Ms Michelle LI Mei Sheung, JP, Permanent Secretary for Education, compared gifted education to the process through which the renowned jade-disk ‘Heshibi’ had been taken out from an ordinary-looking stone. With the support and nurturing of the HKAGE, comparable to the carving and polishing by a skilful jewellery craftsman, the hidden potential of those ordinary-looking gifted students could be fully unearthed just like the ‘Heshibi’ being eventually taken out as an invaluable and flawless jade-disk. Ir Dr Alan LAM Hiu Fung, Chairperson of the HKAGE, said that the gifted students’ performance demonstrated in various roles and positions in the Student Symposium exhibited exactly the results of AE they had received under the Programme.

Panel Discussion among Star Guests 

In addition to sharing by the students, three star guests, namely Dr Jason CHAN Kwan Kit (‘Dr Fire’), Assistant Professor of the Department of Chemistry, Hong Kong University of Science and Technology; Mr Phoenix WAN Hok Man, Founder of ‘Youth Entrepreneurship Warrior’; and Ms Christie LIN Pui Hang, Lawyer; had been invited to have dialogues with Dr Jimmy WONG Kam Yiu, Executive Director of the HKAGE on ‘Talent Development’ and their experience along the path of their own potential development. When he was in junior secondary school, ‘Dr Fire’ would buy the materials needed and conduct experiments at home. Later he went to the UK for his secondary school study. With his teacher’s guidance and encouragement, he made rapid progress on the road of chemistry research. He then came to realise the importance of teachers to students and was determined to offer his contribution to the younger generation.

Mr Phoenix WAN shared that he had come from an underprivileged family and had always been unable to sleep tight at night with the poor living conditions. He had also been labelled a ‘problem student’ for challenging the teachers in class. However, Phoenix had grasped the opportunity under the adversity and spent his sleepless nights studying and working hard. He eventually became a start-up entrepreneur and the Chairman of a youth entrepreneurship organisation. He wished the principal and teachers in his school days could see what he had currently accomplished.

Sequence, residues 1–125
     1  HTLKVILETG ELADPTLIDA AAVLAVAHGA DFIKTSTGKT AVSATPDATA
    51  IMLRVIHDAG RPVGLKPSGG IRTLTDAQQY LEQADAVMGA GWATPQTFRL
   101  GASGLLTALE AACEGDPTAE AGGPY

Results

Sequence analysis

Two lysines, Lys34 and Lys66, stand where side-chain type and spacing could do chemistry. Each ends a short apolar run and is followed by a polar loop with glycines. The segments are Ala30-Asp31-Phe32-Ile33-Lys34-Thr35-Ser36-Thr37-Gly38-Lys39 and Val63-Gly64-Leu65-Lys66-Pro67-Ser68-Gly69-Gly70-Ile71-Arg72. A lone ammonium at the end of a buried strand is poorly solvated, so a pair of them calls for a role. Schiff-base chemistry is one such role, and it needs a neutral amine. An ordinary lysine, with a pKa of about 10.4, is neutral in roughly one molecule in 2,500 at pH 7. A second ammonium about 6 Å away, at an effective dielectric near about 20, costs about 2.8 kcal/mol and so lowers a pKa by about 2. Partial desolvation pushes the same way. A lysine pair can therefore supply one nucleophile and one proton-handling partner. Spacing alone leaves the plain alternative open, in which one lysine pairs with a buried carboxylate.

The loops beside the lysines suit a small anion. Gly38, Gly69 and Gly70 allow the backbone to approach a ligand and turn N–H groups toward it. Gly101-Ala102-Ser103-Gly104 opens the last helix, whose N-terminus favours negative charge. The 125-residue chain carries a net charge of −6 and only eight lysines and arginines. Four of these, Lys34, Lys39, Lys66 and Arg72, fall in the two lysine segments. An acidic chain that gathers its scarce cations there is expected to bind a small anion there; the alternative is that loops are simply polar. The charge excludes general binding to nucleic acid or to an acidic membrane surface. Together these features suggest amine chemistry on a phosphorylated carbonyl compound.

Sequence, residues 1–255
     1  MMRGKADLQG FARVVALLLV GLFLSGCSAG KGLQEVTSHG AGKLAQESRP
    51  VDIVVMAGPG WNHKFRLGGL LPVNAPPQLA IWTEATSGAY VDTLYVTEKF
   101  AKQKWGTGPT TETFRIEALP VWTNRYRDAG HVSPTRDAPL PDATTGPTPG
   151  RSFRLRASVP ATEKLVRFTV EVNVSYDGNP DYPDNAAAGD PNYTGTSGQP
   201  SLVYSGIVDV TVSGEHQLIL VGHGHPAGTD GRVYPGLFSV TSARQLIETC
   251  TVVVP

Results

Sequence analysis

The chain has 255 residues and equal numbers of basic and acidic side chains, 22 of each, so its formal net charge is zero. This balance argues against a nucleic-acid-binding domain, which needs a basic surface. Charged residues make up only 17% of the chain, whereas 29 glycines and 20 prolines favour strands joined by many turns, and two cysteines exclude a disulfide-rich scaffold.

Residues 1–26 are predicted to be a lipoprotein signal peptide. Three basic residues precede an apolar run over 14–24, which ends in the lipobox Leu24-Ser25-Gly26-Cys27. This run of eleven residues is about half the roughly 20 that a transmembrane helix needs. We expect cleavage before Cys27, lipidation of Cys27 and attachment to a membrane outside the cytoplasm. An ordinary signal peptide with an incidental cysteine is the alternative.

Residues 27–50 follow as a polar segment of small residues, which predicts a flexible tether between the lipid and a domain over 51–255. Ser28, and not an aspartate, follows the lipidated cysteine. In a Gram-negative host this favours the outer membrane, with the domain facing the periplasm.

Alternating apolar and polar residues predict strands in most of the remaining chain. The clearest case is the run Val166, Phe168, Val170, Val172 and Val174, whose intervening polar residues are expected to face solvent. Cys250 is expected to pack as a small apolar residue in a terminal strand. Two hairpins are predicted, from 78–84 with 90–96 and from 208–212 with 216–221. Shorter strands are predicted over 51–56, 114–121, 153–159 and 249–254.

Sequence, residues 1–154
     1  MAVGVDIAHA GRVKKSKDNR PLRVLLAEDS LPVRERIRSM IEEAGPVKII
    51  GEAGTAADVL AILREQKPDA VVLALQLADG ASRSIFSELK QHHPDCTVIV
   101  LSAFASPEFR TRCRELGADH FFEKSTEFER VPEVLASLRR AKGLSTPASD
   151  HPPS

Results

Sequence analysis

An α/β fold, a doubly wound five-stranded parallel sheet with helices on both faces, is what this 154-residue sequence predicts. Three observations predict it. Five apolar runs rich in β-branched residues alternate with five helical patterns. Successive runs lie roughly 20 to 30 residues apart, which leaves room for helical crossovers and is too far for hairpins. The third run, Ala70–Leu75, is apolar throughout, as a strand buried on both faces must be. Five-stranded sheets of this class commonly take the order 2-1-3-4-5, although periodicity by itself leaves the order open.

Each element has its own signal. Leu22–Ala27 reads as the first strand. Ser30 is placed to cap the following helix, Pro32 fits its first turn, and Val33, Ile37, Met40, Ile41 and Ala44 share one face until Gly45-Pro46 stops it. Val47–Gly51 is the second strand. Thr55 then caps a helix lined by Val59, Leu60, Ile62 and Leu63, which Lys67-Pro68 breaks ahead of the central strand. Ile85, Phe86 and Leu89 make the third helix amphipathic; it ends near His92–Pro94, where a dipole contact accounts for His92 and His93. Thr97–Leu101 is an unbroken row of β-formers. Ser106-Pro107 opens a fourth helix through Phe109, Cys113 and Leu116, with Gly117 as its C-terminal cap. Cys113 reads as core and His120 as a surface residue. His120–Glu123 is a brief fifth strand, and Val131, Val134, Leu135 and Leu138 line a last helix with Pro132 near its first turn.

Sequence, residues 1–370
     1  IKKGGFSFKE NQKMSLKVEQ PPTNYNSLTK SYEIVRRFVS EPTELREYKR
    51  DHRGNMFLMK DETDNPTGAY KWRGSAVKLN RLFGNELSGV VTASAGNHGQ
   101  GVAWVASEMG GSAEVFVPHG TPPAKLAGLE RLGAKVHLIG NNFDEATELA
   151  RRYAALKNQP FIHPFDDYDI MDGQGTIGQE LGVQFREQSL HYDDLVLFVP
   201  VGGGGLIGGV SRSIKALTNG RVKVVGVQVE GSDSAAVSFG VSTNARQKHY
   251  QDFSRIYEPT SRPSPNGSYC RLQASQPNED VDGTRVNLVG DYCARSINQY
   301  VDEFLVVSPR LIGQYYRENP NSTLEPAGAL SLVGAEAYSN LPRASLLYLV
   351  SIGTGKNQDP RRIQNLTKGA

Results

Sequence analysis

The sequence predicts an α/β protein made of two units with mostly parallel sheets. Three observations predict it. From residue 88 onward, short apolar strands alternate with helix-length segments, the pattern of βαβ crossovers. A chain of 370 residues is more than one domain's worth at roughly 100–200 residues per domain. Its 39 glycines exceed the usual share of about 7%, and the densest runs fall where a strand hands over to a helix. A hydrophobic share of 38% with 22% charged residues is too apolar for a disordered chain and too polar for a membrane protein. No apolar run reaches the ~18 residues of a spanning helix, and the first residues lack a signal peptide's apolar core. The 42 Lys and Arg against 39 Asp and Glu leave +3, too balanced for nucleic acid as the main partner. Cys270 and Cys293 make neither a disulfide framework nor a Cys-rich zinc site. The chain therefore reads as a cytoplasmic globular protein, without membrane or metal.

Ms Christie LIN had been assessed to be a low ability child with speech disorder in an intelligence test taken when she was a young kid. Fortunately, her family had not restricted her learning and development after the assessment but continued to trust her ability and allow her to try in various fields. With their support, Christie was currently an eloquent lawyer.

Dr Jimmy WONG, ‘Father of STEM Education in Hong Kong’, shared his grade 4 result slip and said that he had yet to be enlightened and his academic performance then was only average. He had even failed ‘Natural Science’, a subject comparable to ‘STEM’ in which he had achieved eminence currently. As the DSE results were about to be released, Dr WONG also took the opportunity to encourage students and DSE candidates that ‘The future has unlimited possibilities. Don’t be discouraged by gains and losses at one time.’

The Hong Kong Academy for Gifted Education, a subvented non-governmental organisation, was established in 2008. It aims at serving the education sector in Hong Kong, offering high quality information, support and appropriate learning opportunities to gifted students, their parents, teachers and other stakeholders engaged in gifted education. Most of its programmes are provided free-of-charge.